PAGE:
A lot has changed since the first Renault Espace arrived in 1984. It started Europe's minivan craze nearly 40 years ago and was the benchmark in the segment for decades. Most of the vehicle's 1.3 million cumulative sales came during those years.
When Europeans abandoned minivans in favor of SUVs in the 2010s, Renault responded by tweaking the fifth-generation Espace's design to make it appear more like a crossover. The results were underwhelming, especially of late as just 1,135 units of the Espace were sold in Europe last year, down from a 2021 volume of 2,773, according to figures from market researcher Dataforce.
To preserve the nameplate for a sixth generation, Renault has made the Espace lighter, nimbler, more fuel efficient and more economical to build.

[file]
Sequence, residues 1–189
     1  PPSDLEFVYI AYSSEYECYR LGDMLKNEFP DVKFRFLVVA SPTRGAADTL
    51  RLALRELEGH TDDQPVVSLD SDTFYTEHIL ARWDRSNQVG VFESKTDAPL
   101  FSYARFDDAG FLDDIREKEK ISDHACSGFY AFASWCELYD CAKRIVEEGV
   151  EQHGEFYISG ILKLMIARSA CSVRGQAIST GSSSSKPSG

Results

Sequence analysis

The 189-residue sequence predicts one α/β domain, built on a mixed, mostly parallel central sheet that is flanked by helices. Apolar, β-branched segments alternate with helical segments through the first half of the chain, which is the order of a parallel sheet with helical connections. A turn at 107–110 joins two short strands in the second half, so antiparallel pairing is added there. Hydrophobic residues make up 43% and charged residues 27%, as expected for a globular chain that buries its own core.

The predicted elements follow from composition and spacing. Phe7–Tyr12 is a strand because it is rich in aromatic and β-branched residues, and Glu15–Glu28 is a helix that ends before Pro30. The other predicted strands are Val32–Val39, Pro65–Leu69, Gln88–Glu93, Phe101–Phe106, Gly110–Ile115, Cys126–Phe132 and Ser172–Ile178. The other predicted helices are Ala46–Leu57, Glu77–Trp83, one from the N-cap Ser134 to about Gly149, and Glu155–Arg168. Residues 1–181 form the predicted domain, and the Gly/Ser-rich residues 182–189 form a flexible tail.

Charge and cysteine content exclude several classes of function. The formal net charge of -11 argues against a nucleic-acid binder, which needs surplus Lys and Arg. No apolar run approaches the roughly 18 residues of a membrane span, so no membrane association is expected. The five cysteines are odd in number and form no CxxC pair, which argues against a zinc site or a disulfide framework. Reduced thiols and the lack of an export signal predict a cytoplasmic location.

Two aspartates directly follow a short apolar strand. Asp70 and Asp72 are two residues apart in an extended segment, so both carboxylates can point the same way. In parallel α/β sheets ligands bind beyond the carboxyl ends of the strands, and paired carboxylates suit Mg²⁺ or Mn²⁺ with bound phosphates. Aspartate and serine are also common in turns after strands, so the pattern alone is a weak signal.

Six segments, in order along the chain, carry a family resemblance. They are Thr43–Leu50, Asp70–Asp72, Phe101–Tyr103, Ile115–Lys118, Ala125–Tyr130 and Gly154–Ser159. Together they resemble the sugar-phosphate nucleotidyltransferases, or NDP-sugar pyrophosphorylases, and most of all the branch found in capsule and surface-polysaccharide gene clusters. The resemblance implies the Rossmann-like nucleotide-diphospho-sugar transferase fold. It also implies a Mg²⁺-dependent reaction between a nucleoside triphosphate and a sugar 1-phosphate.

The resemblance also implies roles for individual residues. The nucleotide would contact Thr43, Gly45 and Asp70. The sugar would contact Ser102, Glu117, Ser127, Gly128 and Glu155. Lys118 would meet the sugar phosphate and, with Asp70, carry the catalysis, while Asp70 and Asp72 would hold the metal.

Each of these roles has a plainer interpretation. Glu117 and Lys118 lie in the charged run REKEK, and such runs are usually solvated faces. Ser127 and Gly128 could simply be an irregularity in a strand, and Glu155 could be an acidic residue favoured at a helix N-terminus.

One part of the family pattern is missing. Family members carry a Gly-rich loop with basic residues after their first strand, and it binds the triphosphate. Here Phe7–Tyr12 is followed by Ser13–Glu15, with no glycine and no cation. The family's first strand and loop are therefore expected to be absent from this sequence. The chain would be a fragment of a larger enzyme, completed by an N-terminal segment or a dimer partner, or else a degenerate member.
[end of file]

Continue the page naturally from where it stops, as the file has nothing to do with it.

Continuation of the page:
To make the model more financially viable, the Espace for the first time will be made on a multi-model platform instead of having stand-alone underpinnings. Now based on the Renault-Nissan-Mitsubishi alliance CMF-CD platform, the Espace shares 75 percent of its parts with the Austral compact SUV and Rafale midsize coupe-styled SUV, Renault Chief Technical Officer Gilles Le Borgne told Automotive News Europe. The three models also share the same production factory in Palencia, Spain.
The three models share the windshield, A-pillars and front doors. The Espace and Rafale sit on the longer 2738 mm wheelbase and share their rear doors frame.
The Espace is the longest of the three vehicles, at 4722 mm, because like its predecessor it will be offered in five- and seven-seat configurations. Its standard cargo capacity is 777 liters.